To the reDiscover Board: 

We know that the reDiscover Board and staff feel passionately about increasing the accessibility of our programming and resources to low-income communities. We are already heading in that direction. Two years ago, a statement was written to incorporate equity and inclusion. We, the staff, feel strongly that we can and must do better with regard to the following areas:

1) Fighting Against Complacency When we consider the ongoing local & global anti-white supremacy uprisings, coupled with the fact that the majority population of our students are white and/or affluent, we the staff find an urgent need for rDC to take action in an effort towards making our space more welcoming and accessible to Black and brown families.

2) Increasing Accessiblity Accessibility can be increased through rigorous and targeted restructuring at reDiscover. As a non-profit, we find that rDC is largely operating off earned income. Switching our focus towards operating largely off of grants and donations can increase our accessibility for families coming from under-resourced communities. We must find methods to better serve those with disabilities and those who are neurodivergent.

3) Serving Our Community + Fulfilling our Mission Statement We observe that our current and past clientele does not reflect the local Mar Vista community or the diversity within Los Angeles county, which includes those who are low-income, immigrants, undocumented, and come from diverse populations. Our operations can do much more to align with our vision of serving "all people."(1)

In the current moment, we have seen a pandemic that disproportionately affects Black, Indigenous, Latinx, and economically disadvantaged communities, nation-wide policies and actions from the government to normalize and institute white supremacy, as well as global protests against systems designed to oppress, separate and exploit. Over the last several months, members of the Los Angeles art and education community have publicly signaled their support for the Black Lives Matter movement. We have seen many organizations share their desire for justice surrounding the deaths of George Floyd, Breonna Taylor, Ahmaud Arbery, and the countless other precious lives that have been lost at the hands of systemic racism. We find ourselves in the midst of a large social justice movement highlighting inherent racism and white supremacy in our country’s very fabric. We must all understand that if reDiscover continues to primarily make space for those who are affluent and/or white, we are participating in the same systems that perpetuate this alienation, exploitation, and therefore, unsustainability. We see a direct correlation between these issues and the racist systems that perpetuate violence like police brutality. We have the utmost faith in our staff, board, and leadership team to join the efforts in creating the equitable and inclusive world that we need for our students, families, and loved ones. 

This work is possible. In the span of a few days, some staff shifted their curriculum in order to create conversations where kids could feel free to openly discuss their thoughts on current events. These facilitators spoke about Black creators and the marginalized voices of the STEAM community. reDiscover is about to hand out 150 tool kits to under-resourced communities in Pasadena and Santa Monica, and we are already giving out scholarships during our summer camps. We find these efforts to be meaningful steps in the right direction, and believe we cannot fully operate down that path without first looking at the societal racism reflected within our own organization and ourselves.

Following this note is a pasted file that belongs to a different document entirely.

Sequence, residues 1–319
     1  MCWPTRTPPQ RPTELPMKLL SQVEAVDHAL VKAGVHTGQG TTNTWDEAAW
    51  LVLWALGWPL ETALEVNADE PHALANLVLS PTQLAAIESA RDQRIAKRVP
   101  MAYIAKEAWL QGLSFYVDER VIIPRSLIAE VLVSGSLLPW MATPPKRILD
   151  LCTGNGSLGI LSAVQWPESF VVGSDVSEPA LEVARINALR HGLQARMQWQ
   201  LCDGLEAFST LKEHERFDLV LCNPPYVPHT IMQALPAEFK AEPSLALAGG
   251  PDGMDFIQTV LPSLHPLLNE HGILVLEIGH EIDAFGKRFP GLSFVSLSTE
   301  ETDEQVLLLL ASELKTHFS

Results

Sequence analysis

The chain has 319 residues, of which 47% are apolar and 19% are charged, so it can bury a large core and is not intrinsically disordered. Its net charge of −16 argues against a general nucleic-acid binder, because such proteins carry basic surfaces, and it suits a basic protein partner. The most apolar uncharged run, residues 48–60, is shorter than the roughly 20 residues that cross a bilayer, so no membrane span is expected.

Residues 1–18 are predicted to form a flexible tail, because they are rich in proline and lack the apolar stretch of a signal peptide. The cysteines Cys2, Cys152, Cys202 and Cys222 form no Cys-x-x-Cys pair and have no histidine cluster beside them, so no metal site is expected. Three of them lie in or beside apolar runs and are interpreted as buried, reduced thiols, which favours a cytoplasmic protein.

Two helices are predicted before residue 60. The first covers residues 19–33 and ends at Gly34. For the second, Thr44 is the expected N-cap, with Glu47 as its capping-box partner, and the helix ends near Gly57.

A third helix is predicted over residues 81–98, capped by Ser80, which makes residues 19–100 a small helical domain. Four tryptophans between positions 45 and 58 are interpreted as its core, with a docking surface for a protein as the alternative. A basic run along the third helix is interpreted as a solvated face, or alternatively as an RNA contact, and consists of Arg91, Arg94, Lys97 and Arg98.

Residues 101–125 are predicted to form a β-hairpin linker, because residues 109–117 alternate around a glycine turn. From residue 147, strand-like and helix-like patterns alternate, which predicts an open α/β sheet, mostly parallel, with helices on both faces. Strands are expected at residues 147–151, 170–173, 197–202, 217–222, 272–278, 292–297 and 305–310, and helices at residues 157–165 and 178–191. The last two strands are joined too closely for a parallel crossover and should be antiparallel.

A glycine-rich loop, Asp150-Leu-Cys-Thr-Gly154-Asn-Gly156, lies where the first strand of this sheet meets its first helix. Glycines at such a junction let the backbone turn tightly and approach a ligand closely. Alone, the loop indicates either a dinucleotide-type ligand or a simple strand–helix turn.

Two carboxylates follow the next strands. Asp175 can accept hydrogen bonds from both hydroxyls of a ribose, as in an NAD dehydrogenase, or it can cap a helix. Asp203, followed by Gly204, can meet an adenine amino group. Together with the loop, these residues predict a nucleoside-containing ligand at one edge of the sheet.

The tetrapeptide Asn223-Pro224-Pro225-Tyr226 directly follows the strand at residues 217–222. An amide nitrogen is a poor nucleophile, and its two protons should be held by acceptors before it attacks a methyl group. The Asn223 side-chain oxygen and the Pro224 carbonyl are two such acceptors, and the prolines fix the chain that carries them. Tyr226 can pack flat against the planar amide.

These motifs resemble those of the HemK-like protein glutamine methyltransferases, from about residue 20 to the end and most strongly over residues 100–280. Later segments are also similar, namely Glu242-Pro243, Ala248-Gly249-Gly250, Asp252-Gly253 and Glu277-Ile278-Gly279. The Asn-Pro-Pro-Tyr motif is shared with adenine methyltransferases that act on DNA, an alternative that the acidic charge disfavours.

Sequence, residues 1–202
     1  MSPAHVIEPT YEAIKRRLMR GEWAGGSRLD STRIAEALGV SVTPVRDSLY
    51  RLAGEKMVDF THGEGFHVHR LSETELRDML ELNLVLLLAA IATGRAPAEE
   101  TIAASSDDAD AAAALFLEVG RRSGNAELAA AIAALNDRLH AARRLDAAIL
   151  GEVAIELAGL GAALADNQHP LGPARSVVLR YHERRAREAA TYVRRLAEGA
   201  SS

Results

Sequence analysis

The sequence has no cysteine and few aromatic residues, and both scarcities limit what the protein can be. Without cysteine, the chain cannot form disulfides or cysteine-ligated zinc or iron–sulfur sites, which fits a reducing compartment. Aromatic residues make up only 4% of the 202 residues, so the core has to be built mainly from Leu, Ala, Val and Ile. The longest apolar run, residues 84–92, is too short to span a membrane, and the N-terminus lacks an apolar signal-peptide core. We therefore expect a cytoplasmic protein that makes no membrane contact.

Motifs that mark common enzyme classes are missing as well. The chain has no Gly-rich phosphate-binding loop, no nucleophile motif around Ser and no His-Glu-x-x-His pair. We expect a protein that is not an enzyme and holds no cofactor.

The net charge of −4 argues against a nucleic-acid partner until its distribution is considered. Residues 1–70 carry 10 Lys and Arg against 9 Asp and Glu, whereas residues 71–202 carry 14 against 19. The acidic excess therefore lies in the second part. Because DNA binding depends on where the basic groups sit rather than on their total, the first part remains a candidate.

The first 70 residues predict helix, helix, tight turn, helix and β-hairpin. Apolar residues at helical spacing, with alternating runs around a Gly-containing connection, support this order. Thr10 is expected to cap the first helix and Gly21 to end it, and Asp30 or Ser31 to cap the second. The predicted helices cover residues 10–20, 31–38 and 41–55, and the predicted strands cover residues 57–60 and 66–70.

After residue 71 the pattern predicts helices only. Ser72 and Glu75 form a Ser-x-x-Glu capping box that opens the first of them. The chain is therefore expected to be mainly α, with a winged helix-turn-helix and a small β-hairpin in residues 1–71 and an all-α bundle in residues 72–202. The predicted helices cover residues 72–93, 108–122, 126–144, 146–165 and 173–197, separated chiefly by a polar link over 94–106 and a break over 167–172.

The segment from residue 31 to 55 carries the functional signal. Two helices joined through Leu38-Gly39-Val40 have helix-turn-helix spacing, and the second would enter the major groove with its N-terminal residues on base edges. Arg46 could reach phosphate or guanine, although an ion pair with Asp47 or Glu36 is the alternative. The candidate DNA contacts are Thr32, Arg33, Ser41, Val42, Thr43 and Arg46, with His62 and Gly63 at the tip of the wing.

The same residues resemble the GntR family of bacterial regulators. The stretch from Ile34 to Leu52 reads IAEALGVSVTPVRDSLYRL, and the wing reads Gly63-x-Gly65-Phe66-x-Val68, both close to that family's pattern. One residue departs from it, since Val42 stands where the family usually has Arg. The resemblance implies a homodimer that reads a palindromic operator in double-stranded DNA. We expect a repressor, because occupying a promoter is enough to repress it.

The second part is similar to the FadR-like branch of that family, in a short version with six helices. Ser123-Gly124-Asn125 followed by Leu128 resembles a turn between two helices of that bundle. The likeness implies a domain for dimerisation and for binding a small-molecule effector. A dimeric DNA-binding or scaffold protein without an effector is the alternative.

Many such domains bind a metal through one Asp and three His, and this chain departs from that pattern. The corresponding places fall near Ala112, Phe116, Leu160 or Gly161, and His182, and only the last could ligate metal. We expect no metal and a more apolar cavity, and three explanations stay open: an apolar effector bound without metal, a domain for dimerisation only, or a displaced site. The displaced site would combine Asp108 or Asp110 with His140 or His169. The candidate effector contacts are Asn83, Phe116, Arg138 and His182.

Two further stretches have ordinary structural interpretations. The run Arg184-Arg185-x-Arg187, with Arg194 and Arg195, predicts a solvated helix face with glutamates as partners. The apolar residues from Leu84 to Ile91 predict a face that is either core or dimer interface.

We believe that implementing more targeted changes could increase accessibility to our programs in the near future. In a matter of weeks, reDiscover successfully shifted to remote operations and online camps, proving that we are capable of fast, simple, and effective re-management as well as adjusting to sudden environmental shifts. We observe the ongoing social justice movement as one that pleas with America, and within that, even small nonprofits like ours, to do more to become a truly welcoming and diverse space.

reDiscover’s Cultural Equity and Inclusion Statement asserts that “...all children can be creative and deserve opportunities to express themselves. reDiscover engages diverse communities and the organizations that serve them to reach children in Los Angeles County regardless of income, sex, ethnic background, or national origin. reDiscover is committed to engaging cultural equity and inclusion in its board, staff, and audiences,”(1) however we see very little racial and economic diversity in the children we work with. In part, we know that narrowing this opportunity gap must include “free community activities” and “free and reduced-fee STEAM programs.”(2) However, the majority of our free and reduced programming have taken place in affluent neighborhoods like Pacific Palisades, Marina del Rey, and Beverly Hills, that already have many opportunities and resources. The mission statement expresses a clear commitment to employ diverse staff, as children are “comfortable when they are facilitated by competent and caring adults with whom they can identify,”(3) yet there is very little diversity among facilitators and the board.